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Suspect in ricin case described as 'a little different'

By Vivian Kuo and Michael Pearson, CNN
updated 10:44 AM EDT, Tue April 30, 2013
STORY HIGHLIGHTS
  • James Everett Dutschke is accused of sending ricin-tainted letters to Obama and others
  • He has denied the allegations in federal court
  • Dutschke ran for political office and has had variety of jobs
  • He has been accused of molesting three girls under the age of 16

Tupelo, Mississippi (CNN) -- The nation knows James Everett Dutschke as the man accused of sending ricin-tainted letters to President Barack Obama and two other officials.

But to people who live near him, he's the guy whose alleged abuse of young girls turned their neighborhood upside down, according to one neighbor. And to a former coworker, he's the "genius" with a few odd quirks.

Exactly who Dutschke is and why he might have taken the extreme step of sending toxic letters to Obama, a Mississippi senator and an official in Lee County, Mississippi, remained up in the air Monday as prosecutors began criminal proceedings against him for allegedly making the deadly toxin ricin and sending it through the mail.

However, through court documents and conversations with people who knew him, a clearer picture is starting to emerge.

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Dutschke appears to have a wide range of interests and has held a variety of jobs, most recently working as a martial arts instructor at a Tupelo, Mississippi, studio he ran.

He once worked at an insurance company owned by the brother of a man initially arrested -- and then cleared -- in the same case in which Dutschke is now charged.

According to the Northeast Mississippi Daily Journal newspaper, he is a musician.

Dutschke has registered several business ventures with state officials, all of which appear to be closed, according to a Mississippi Secretary of State database.

In 2007, he ran as a Republican for a state House seat against incumbent Democrat Rep. Steve Holland and lost 68% to 27%. Holland is the son of Lee County Judge Sadie Holland, who received one of the ricin-laced letters.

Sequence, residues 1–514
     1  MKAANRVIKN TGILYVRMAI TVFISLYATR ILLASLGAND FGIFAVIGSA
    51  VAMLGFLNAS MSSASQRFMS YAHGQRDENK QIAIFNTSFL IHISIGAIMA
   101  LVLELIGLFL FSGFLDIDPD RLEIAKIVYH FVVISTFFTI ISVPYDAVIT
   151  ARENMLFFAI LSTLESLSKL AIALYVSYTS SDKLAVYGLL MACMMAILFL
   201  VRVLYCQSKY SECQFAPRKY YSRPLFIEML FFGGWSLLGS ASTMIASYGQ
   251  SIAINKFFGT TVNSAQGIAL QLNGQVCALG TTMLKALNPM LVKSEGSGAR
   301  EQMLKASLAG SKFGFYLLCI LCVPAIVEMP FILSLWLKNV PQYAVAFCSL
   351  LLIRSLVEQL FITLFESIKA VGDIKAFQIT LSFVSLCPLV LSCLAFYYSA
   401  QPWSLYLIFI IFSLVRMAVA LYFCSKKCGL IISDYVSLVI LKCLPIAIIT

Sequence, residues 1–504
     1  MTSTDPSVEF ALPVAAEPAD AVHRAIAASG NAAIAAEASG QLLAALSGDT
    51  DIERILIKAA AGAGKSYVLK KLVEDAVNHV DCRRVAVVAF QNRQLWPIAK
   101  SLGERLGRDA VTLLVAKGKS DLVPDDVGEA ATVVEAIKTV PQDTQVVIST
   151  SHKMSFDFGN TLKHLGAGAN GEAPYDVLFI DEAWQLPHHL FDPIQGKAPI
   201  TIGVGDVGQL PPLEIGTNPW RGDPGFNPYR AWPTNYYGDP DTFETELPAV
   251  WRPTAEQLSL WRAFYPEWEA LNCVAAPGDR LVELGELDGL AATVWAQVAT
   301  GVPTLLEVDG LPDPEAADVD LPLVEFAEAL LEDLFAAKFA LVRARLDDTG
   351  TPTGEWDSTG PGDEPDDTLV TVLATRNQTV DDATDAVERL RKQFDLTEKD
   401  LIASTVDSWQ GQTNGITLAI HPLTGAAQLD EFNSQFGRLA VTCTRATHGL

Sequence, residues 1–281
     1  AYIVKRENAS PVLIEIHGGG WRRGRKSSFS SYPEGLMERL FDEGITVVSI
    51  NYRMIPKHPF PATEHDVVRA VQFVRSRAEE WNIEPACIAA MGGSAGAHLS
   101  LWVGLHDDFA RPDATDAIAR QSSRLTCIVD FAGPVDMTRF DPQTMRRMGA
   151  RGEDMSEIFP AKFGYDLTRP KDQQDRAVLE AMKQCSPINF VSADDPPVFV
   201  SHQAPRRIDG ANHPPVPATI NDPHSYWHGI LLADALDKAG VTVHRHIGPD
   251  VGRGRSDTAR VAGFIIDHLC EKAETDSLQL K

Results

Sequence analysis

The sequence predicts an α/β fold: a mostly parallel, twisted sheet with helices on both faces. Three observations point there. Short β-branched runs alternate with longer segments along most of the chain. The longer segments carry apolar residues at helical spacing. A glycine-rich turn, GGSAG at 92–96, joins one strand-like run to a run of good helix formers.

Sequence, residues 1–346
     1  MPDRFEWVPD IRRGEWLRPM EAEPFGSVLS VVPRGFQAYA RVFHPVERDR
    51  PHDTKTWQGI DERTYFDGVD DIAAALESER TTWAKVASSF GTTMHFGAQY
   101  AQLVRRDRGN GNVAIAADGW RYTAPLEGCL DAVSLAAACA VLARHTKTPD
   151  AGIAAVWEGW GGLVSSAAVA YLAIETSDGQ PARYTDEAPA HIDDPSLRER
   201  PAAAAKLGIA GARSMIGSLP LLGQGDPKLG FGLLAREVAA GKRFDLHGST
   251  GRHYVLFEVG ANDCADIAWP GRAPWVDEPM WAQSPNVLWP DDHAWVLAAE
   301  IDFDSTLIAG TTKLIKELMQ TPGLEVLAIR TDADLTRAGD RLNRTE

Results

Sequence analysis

"We just want to move on," Holland told CNN, adding that he wanted justice for his mother.

"This could have been devastating. Mom could have died had this taken the worst-case scenario."

In 2008, Dutschke ran unsuccessfully as a Democrat for election commissioner in Lee County, according to the Daily Journal newspaper.

Former suspect in ricin case: 'A train has been lifted off my shoulders'

Indecency allegations

According to a grand jury indictment handed up this month and obtained by CNN, Dutschke is accused of molesting three girls under the age of 16.

He has repeatedly denied the charges in interviews with local media and pleaded not guilty in court this month.

Dutschke closed his tae kwon do studio after the allegations were made public.

Last year, residents in his Tupelo neighborhood sought police help after, one neighbor says, Dutschke repeatedly exposed himself to young girls.

The case resulted in a conviction on indecent exposure charges and a 90-day jail sentence.

He has appealed the conviction, according to the Daily Journal newspaper.

"He was pretty well terrorizing the neighborhood," said neighbor Dennis Carlock, who said the Dutschke family rarely stepped outside their home.

For Carlock, the fact that Dutschke is accused of sending a potentially lethal poison to public officials is secondary to what happened in his neighborhood.

"I don't care how they got him, as long as they got him out of this neighborhood," he said.

Genius?

Carlock had almost exclusively bad things to say about Dutschke, with one exception: He said his neighbor is extremely smart.

Apparently, Dutschke thought so too.

He sometimes showed off a card from Mensa, a group for people with high intelligence quotients, according to Laura Curtis, who worked with Dutschke at the insurance company.

"A lot of the people in the office thought he was odd," she said, adding that she liked him.

"I knew he was a genius, and you know how geniuses act a little different," she said.

CNN's Vivian Kuo reported from Tupelo, Mississippi; Michael Pearson reported and wrote from Atlanta. CNN's Dana Ford, Rich Phillips and Alina Machado contributed to this report.

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